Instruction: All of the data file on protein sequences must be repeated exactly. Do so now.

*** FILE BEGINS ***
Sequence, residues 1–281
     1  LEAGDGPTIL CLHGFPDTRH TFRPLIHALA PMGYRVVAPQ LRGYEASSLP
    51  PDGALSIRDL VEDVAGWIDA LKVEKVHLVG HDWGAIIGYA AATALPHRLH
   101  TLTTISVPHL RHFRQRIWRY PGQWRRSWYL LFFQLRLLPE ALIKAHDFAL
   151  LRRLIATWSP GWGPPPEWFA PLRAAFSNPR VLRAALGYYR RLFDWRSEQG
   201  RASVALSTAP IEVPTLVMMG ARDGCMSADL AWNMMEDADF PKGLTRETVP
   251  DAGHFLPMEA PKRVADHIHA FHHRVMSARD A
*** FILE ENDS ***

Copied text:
Sequence, residues 1–281
     1  LEAGDGPTIL CLHGFPDTRH TFRPLIHALA PMGYRVVAPQ LRGYEASSLP
    51  PDGALSIRDL VEDVAGWIDA LKVEKVHLVG HDWGAIIGYA AATALPHRLH
   101  TLTTISVPHL RHFRQRIWRY PGQWRRSWYL LFFQLRLLPE ALIKAHDFAL
   151  LRRLIATWSP GWGPPPEWFA PLRAAFSNPR VLRAALGYYR RLFDWRSEQG
   201  RASVALSTAP IEVPTLVMMG ARDGCMSADL AWNMMEDADF PKGLTRETVP
   251  DAGHFLPMEA PKRVADHIHA FHHRVMSARD A